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PASADENA, Calif. -- NASA and the U.S. Department of Homeland Security are
collaborating on a first-of-its-kind portable radar device to detect the
heartbeats and breathing patterns of victims trapped in large piles of rubble
resulting from a disaster.
The prototype technology, called Finding Individuals for Disaster and
Emergency Response (FINDER) can locate individuals buried as deep as 30 feet
(about 9 meters) in crushed materials, hidden behind 20 feet (about 6 meters) of
solid concrete, and from a distance of 100 feet (about 30 meters) in open
Developed in conjunction with Homeland Security's Science and Technology
Directorate, FINDER is based on remote-sensing radar technology developed by
NASA's Jet Propulsion Laboratory in Pasadena, Calif., to monitor the location of
spacecraft JPL manages for NASA's Science Mission Directorate in Washington.
"FINDER is bringing NASA technology that explores other planets to the effort
to save lives on ours," said Mason Peck, chief technologist for NASA and
principal advisor on technology policy and programs. "This is a prime example of
intergovernmental collaboration and expertise that has a direct benefit to the
The technology was demonstrated to the media today at the DHS's Virginia Task
Force 1 Training Facility in Lorton, Va. Media participated in demonstrations
that featured the device locating volunteers hiding under heaps of debris.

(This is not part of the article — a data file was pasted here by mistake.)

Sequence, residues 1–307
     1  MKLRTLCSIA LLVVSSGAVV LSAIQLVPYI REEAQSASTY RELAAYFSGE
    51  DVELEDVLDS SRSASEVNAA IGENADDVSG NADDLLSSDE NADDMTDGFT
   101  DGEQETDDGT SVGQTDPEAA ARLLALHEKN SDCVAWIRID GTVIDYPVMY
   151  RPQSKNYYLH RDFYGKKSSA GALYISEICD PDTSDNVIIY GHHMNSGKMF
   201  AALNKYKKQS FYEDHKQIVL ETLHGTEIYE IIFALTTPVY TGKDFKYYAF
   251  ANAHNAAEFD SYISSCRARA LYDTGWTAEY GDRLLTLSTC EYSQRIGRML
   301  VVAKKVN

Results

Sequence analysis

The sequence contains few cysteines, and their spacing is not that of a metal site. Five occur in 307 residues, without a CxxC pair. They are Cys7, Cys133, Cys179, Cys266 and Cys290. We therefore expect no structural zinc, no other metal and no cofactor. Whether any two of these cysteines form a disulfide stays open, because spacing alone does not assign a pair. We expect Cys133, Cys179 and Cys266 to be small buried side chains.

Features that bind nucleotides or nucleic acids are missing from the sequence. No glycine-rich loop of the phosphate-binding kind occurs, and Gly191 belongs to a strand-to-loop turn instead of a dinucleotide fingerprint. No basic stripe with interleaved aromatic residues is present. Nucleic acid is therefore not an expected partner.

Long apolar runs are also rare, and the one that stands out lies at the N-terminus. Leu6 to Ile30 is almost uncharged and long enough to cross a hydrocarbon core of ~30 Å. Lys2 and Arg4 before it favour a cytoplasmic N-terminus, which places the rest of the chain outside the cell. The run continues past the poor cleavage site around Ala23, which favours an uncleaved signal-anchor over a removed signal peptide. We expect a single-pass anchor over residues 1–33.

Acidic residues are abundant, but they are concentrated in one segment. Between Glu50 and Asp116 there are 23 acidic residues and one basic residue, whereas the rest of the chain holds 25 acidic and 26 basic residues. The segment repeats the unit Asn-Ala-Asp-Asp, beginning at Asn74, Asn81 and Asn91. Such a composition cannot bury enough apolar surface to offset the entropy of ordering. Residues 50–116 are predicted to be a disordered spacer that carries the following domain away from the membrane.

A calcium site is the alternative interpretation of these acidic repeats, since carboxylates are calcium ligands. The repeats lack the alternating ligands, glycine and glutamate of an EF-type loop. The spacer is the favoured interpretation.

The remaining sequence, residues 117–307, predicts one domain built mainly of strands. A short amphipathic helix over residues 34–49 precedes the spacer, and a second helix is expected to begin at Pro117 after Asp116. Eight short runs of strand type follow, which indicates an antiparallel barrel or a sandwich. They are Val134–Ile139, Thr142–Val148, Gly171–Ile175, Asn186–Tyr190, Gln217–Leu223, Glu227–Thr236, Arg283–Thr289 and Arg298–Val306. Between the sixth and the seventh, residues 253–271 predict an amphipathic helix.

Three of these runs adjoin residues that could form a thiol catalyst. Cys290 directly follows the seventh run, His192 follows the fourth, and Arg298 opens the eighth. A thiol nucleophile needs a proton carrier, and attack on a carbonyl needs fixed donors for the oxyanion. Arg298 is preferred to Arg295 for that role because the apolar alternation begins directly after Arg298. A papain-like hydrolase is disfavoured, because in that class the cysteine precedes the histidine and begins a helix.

FINDER also will be tested further by the Federal Emergency Management Agency
this year and next.
"The ultimate goal of FINDER is to help emergency responders efficiently
rescue victims of disasters," said John Price, program manager for the First
Responders Group in Homeland Security's Science and Technology Directorate in
Washington. "The technology has the potential to quickly identify the presence
of living victims, allowing rescue workers to more precisely deploy their
The technology works by beaming microwave radar signals into the piles of
debris and analyzing the patterns of signals that bounce back. NASA's Deep Space
Network regularly uses similar radar technology to locate spacecraft. A light
wave is sent to a spacecraft, and the time it takes for the signal to get back
reveals how far away the spacecraft is. This technique is used for science
research, too. For example, the Deep Space Network monitors the location of the
Cassini mission's orbit around Saturn to learn about the ringed planet's
"Detecting small motions from the victim's heartbeat and breathing from a
distance uses the same kind of signal processing as detecting the small changes
in motion of spacecraft like Cassini as it orbits Saturn," said James Lux, task
manager for FINDER at JPL.
In disaster scenarios, the use of radar signals can be particularly complex.
Earthquakes and tornadoes produce twisted and shattered wreckage, such that any
radar signals bouncing back from these piles are tangled and hard to decipher.
JPL's expertise in data processing helped with this challenge. Advanced
algorithms isolate the tiny signals from a person's moving chest by filtering
out other signals, such as those from moving trees and animals.
Similar technology has potential applications in NASA's future human missions
to space habitats. The astronauts' vital signs could be monitored without the
need for wires.
The Deep Space Network, managed by JPL, is an international network of
antennas that supports interplanetary spacecraft missions and radio and radar
astronomy observations for the exploration of the solar system and the universe.
The network also supports selected Earth-orbiting missions.